I rent the helicopter “wet”, so I don’t know how much avgas costs; but I think that when the article was written it was around $2.00/gal. I’m fairly sure that the reason this fuel was produced was to get the lead out of aviation fuel, but given the recent high prices of gasoline, why not start making ethanol-based mogas for our cars? It would be cheaper and also reduce our dependence on foreign oil.
Should this have gone into General Questions? Or is it MPSIMS?
First, gas is not that expensive. For road use, you have a lot of federal and state taxes which push up the price.
In the 70’s some gas did contain about 10% ethanol. This died out for lack of consumer interest.
Note that the artical states that you have to modify the engine to use it. That will make it hard to introduce to drivers. Gas prices would have to go up a lot to justify the “bother” of converting.
Other countries have even higher gas taxes than the US does. Very few bother to stop using gas. There are many alternatives. I believe that Brazil switched to a methanol based fuel. In the 80’s the US government funded research on alternative fuels. We have the technology to make artificial gasoline; it’s just not cost effective now.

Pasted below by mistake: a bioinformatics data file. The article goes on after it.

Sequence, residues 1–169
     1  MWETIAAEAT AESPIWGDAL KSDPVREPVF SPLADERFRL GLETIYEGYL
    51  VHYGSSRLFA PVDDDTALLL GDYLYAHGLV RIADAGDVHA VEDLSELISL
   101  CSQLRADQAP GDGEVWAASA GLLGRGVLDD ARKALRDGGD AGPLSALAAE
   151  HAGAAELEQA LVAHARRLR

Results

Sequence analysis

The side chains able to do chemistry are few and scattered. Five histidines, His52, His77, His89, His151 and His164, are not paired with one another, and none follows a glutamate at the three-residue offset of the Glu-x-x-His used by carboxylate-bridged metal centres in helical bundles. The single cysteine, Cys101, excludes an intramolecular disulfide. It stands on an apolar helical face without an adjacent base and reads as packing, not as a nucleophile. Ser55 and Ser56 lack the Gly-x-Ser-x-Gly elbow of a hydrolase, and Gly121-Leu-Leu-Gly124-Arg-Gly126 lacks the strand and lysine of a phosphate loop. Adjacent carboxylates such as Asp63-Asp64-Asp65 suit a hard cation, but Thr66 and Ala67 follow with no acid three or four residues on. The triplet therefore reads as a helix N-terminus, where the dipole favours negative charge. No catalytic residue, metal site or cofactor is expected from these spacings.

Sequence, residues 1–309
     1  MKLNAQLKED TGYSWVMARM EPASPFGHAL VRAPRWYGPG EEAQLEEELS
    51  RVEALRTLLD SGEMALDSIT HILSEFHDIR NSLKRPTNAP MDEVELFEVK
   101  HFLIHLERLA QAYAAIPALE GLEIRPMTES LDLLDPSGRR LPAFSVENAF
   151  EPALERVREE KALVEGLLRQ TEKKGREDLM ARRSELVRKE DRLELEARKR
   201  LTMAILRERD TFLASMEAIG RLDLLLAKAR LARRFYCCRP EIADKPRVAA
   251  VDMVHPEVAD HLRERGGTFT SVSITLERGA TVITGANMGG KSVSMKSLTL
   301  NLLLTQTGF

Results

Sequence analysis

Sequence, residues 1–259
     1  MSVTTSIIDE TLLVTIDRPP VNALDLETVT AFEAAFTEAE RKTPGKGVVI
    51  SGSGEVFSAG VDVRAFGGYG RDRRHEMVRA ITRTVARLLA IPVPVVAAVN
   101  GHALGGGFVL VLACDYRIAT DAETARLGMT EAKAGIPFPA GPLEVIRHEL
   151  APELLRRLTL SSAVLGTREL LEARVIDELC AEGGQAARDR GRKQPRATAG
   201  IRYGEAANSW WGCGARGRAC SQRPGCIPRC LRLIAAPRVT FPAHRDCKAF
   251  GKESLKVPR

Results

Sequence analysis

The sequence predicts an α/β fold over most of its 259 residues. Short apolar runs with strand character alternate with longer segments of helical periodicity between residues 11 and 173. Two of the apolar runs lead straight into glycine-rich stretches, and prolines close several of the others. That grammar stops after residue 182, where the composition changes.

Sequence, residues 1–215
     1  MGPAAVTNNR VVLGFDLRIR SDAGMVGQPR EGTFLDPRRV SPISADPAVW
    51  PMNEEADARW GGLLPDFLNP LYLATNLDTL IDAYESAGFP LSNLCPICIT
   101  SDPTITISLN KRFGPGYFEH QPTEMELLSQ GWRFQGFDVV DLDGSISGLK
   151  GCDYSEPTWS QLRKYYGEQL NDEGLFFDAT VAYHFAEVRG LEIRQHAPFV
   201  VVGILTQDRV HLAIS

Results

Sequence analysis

True, but other countries seem to have better public transportation than we do.
Yes, engines have to be modified; but the $500 figure quoted is for aircraft engines, which are more expensive than car engines. Note that the modification doesn’t preclude the use of regular avgas. If engines were modified or constructed to use alternative fuels at the factory, then synthetic gas would be an option, not a necessity. Let’s say the conversion would cost $500. Assume the fuel is 50 cents less per gallon, and your car has a 20 gallon tank. That’s a saving of $10 per tankful. The conversion would be paid for after 50 tanks. Since I fill up about twice a week (I have a long commute), that would take about 6 months. Also, the article claims an increase in horsepower. I think a lot of people would opt for the conversion.